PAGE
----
HAC’s Sights and Sounds exhibit explores the music in visual art

HAC’s Sights and Sounds exhibit explores the music in visual art

Music and Art by Naomi Diracles

By Melissa Arnold

Looking at a beautiful painting, photo or sculpture can sometimes evoke strong memories or emotions. For many people, the same is true when listening to music. It’s even possible to have a piece of music conjure up an image in the mind’s eye, or for artwork to seem musical.

The Huntington Arts Council is exploring the intersection of visual arts and music in its newest exhibit, Sights and Sounds: Rhythms and Scales, on view at its Main Street Gallery from Feb. 7 through March 14.

The unique subject has been on business manager Kieran Johnson’s mind for some time.

“The overlap of music and visual art has always been a fascination of mine with my favorite visual artists, both contemporary and historical, having their background in music,” Johnson said. “I was reviewing video and listening to tracks from our monthly Singer-Songwriter Night and decided I wanted to do [an exhibit] about auditory and visual art.”

Artists were asked to consider a series of questions as inspiration for their submissions: Does your work exude rhythm, melody, lyrics, harmony or dissonance from a social, political or musical perspective? Does it elicit a reaction in sounds, words or movement? Does it dance or sway? Does it move or move the viewer? Does it sing? 

Johnson called on friend of the Huntington Arts Council Kevin McEvoy to jury the exhibit. McEvoy has worked with the council in a number of capacities, from a member and past juror to panelist and educator.

“Kevin has been a supportive partner in the work we do for over a decade. He is an incredibly skilled artist and arts educator, and his professional and personal background make him an interesting person to know and work with,” Johnson said.

A Long Island native, McEvoy studied fine arts at Stony Brook University and refined his painting skills while in Chile and Italy. He is also the founder of The Atelier at Flowerfield in St. James.

“I’ve always appreciated the relationship of mutual respect and support I’ve had with the Huntington Arts Council. They are so warm and encouraging not just with me, but with all of the artists who approach them,” McEvoy said. “I’ve painted a lot of musicians, musical instruments and music inspired pieces, and I’m excited to jury an exhibit on a subject I feel passionately about.”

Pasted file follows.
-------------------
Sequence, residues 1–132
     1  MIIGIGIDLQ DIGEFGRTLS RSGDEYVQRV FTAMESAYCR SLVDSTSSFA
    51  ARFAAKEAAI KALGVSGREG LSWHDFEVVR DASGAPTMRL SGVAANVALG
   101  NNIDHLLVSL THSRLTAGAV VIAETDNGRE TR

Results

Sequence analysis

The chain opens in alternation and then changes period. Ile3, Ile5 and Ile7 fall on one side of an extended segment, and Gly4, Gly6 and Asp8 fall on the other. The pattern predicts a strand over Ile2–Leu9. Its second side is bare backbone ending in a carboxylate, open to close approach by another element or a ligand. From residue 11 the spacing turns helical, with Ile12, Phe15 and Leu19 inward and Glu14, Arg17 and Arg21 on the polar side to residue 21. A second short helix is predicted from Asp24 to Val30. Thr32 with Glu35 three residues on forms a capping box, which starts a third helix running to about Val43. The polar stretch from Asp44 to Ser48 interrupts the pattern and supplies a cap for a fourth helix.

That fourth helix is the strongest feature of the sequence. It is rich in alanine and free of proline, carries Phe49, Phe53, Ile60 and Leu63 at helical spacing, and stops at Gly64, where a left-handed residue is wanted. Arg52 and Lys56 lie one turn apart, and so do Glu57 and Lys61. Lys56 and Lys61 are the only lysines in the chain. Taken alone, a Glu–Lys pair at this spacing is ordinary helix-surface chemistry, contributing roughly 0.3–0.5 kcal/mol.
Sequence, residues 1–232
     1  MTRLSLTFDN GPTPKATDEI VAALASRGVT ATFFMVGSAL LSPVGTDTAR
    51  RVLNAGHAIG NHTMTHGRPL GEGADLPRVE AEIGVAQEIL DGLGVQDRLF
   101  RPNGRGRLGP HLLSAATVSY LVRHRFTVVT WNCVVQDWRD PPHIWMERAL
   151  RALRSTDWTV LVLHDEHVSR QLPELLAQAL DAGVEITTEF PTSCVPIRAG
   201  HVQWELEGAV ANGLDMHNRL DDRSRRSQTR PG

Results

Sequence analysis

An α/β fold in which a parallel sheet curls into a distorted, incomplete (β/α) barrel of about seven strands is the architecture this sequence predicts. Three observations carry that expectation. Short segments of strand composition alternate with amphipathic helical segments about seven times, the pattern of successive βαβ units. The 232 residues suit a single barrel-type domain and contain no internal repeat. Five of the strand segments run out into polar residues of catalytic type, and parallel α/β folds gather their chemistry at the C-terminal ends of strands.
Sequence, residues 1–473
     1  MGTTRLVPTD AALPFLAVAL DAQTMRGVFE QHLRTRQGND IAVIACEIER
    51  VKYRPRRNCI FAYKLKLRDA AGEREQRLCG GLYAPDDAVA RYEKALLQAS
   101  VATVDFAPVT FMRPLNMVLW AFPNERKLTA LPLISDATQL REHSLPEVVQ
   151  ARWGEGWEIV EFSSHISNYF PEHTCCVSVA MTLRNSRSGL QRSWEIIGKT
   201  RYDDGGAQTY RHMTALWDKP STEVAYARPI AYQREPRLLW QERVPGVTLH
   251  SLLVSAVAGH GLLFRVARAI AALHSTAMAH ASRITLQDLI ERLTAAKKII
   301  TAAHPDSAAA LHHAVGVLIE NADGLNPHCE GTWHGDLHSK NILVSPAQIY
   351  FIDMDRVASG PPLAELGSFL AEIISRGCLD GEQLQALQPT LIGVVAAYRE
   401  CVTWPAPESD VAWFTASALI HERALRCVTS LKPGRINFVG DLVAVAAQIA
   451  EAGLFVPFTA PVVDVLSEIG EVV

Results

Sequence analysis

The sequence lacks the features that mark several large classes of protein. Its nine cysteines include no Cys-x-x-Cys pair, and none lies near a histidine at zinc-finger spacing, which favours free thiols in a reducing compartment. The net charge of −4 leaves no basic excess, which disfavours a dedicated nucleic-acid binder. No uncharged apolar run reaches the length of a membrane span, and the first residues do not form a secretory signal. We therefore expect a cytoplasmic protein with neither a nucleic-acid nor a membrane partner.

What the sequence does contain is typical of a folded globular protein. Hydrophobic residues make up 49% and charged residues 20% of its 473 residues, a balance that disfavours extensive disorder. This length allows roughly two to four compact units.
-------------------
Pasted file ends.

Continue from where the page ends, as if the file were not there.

In total, 60 artists from across the country submitted 156 pieces for consideration. McEvoy narrowed the field to 44 pieces by 40 artists. The final exhibit includes oil paintings, pastels, graphite drawings, photography and more.

Participating artists include Rose Ann Albanese, Sheri Berman, Zintis Buzermanis, Lisa L. Cangemi, Linda Ann Catucci, Kenneth Cerreta, Kaylynn Chenn, Jody Cukier, Doris Diamond, Naomi Diracles, Vicki Field, Jim Finlayson, Cori Forster, Andrea Fortunoff, Kathleen Gerlach, Roxana Gheorghe, Bill Grabowski, Jan Guarino, Margaret Henning, Nayyar Iqbal, David Jaycox Jr., Wendy June Jensen, Marc Josloff, Julianna Kirk, Beth Laxer-Limmer, Jacques LeBlanc, Stephanie L. Marcus, Kristen Memoli, Margaret Minardi, Mary Nagin, Thais Osorio, Luda Pahl, Eli Rabe, Andrea Rhude, Olivia Rodson, Saul Rosenstreich, Barbara Stein, Victor Vaccaro, Pamela Waldroup and Ella Yang.

“Long Island is a musical place. Our identity is rooted in music and it’s a big part of the culture here, so it’s a natural fit for artists to explore,” McEvoy said. “I tried not to bring any preconceptions of what a piece should look like. Whether it is a lilting line of a kinetic wire sculpture, an atmospheric photo of a violin that almost reads as a mountainscape, or the joyful pluck of an instrument in beautiful pastel colors, indeed, across Long Island, painters, sculptors and musicians are still singing.”

Andrea Fortunoff of Syosset created a digital collage entitled “Dance the Floor: Generations in Rhythm,” depicting dancing people of African heritage in various styles of dress.

“The Huntington Arts Council artist call for Sights and Sounds: Rhythm and Scales spurred me to reflect on the historical synergy between music and dance,” Fortunoff stated in an email. “As an ancient and ephemeral art, dance relies on passing cadence from body to body. My collage is a visual representation of how rhythm and pattern intertwine and are inscribed in a dancer’s memory; reverberating from dancer to dancer through time.”

The exhibit’s opening reception on Friday, Feb. 7 from 6 to 8 p.m. will allow artists and visitors the chance to get to know each other while appreciating the variety of media on display. McEvoy will select a best in show and honorable mention before the reception begins.

“We are thrilled to feature this exhibit and have Kevin McEvoy as the juror. This show is a wonderful depiction of the intertwined nature of art. The work is beautiful and highlights a wide array of artists,” said HAC Executive Director Marc Courtade. “Kevin has been a longtime friend of HAC. His talent, knowledge and contribution to the arts have meant so much to us and the Long Island community. We are looking forward to seeing him at the reception.”

The Huntington Arts Council will present Sights and Sounds: Rhythms and Scales at its Main Street Gallery, 213 Main St., Huntington through March 14. For further information, call 631-271-8423 or visit www.huntingtonarts.org.

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